Owning Art: LUMAS Galleries & The New Collector

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lumps Under lock and key. Behind glass screens, under the gaze of security guards, surrounded by alarms.

Art.

Thanks to such an entourage, it is difficult for most of us to ever imagine the pieces we love outside of public collections… Unless, of course, they’re in the hands of private wealth.

But for those of you who scourge art shows sighing at price tags, visit every exhibition and buy the postcards after, or who simply want the perfect picture to transform your bedroom without breaking the bank – meet LUMAS.

A trot down South Molton street, will bring you to the London store. Distilled, the LUMAS concept is simple enough; they offer high quality art photography with beautiful finishes and frames, for exhilaratingly affordable prices. Each shop (they span over 40 locations worldwide) is stacked with prints, from highly stylised fashion shoots to hauntingly still seascapes. But there is more to LUMAS than their stock.

Katja Egloff, their Director of Art Consulting explains, “our focus is on art enthusiasts, but in a different sense than the typical extremely experienced and well-to-do gallery visitor. Our audience is everybody who place a lot of importance on having beautiful things – whether at home or in the office. That is why the LUMAS portfolio contains such a wide range of genres; everyone can find something to suit their taste.”

This approach draws in an eclectic clientele who are not classified according to income, age or work sector, as we are almost everywhere else. With prices starting as low as £100, the only thing LUMAS requires is engagement with art. This emphasis extends to their customer service, “In the conventional art context, recommendations are often based on investing in art and increasing the value of your collection. At LUMAS, the customers want to fall in love with the artwork. Thus, our recommendations are often based on creating a bond between the potential buyer and the artwork or even the artist,” Katja expands. This involves knowing as much as possible about the market, but also about the artists. Katja and her team ensure this by visiting exhibitions, galleries, art fairs and spending time with young artists in their studios.

Katja, who’s career has taken her across Europe consulting for commercial as well as state giants including Swarovski and the Bavarian Painting Collection, is responsible for the interior design and visual merchandising of all the LUMAS galleries. For LUMAS is not only about appreciation of art, it is also about careful design, cohesion in your living space. How you hang your art and where is as important as the art itself. To aid the novice buyer, or inspire the experienced, LUMAS features a comprehensive guide with tips online. Katja notes hanging art is partially intuition though there are still definite basic rules to observe. “In a private home, I always advise looking at a room in its entirety. The furnishings and art should create a harmonic atmosphere and fit with the rest of your décor. When selecting artworks, look for colour families and materials that are echoed by your furniture, curtains, carpets, or decorative objects. It is also important to consider how you move around in the room. For example, the way you enter a room could give you an idea about the ‘key wall’, where you would hang the statement pieces from your collection.”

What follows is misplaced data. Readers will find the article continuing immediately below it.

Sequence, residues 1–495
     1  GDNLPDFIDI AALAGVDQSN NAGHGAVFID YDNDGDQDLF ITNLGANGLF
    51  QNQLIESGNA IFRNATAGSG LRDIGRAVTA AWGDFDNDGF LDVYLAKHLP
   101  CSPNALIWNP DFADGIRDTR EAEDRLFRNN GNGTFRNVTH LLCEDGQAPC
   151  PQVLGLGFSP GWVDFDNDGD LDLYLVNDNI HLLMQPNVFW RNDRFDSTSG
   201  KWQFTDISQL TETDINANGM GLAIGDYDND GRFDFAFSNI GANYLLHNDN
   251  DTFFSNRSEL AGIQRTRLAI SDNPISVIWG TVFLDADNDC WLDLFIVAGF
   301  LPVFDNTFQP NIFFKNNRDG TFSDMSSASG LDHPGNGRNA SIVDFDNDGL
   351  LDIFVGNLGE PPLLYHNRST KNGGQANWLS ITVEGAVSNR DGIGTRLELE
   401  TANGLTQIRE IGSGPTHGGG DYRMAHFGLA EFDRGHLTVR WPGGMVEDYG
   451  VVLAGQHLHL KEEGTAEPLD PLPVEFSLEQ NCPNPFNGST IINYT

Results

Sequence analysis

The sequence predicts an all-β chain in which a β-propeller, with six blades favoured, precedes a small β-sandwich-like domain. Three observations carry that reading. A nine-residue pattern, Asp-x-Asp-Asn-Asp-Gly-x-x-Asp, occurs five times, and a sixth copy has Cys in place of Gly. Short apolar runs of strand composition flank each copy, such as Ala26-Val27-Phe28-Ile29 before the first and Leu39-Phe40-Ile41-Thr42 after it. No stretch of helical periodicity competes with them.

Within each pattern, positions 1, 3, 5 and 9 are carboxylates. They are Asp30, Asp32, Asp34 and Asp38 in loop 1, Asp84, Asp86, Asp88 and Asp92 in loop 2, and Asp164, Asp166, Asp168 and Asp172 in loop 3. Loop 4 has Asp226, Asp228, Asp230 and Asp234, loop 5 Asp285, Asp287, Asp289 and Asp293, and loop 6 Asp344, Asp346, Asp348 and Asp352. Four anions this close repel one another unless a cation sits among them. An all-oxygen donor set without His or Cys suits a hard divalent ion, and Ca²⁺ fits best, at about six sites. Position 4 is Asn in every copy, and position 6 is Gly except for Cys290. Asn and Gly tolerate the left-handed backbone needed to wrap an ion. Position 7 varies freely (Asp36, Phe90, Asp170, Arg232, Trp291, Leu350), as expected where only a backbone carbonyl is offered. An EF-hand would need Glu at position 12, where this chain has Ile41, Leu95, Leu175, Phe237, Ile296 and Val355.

I ask her how to deal with cramped quarters. After all, London, with the rents high and the population growth higher, leaves us with crushingly little room. Katja’s advice? Go bold! “When decorating smaller rooms, there is a tendency to have too much respect for large format pieces. Often people simply go for the small format pictures, which can make the room feel most like a dollhouse made up of miniature pieces. We wish people had more courage to go big! Large artworks are magical, creating the illusion that the room is larger than it is. They can open a window to the outside world.” She recommends works with a spatial perspective for this effect, citing artwork by Sven Fennema, Wener Pawlok and Christopher Woodcock in particular.

But who wants to be outside when you can have the perfect inside?! We tend to neglect our homes in London, thinking as we always are, that we need to be running about town, working harder, worrying about moving to a bigger, better place as soon as we can find a more reasonable landlord or mortgage rate. We forget that we still have to spend time in our living space no matter what, we forget that it’s supposed to be a sanctuary. Wisely, Katja says “in these fast-paced and stressful times, home is the best refuge, the best place to simply switch off and recharge. For that reason, interior design has become more important. You want to feel at ease and relaxed. It’s primarily about a personal touch, about the overall feeling and comfort.”

LUMAS runs with the line, “liberating art”, which of course it does, democratically unlocking beautiful pieces at a price for everyone. But in many ways it allows a budding collector to discover – and liberate – themselves. Because as Katja says, “art is another means of expressing your personality.”

The LUMAS Gallery in London can be found at: 57 South Molton St, Mayfair, London W1K 5SJ

For more information, check out the LUMAS website here.

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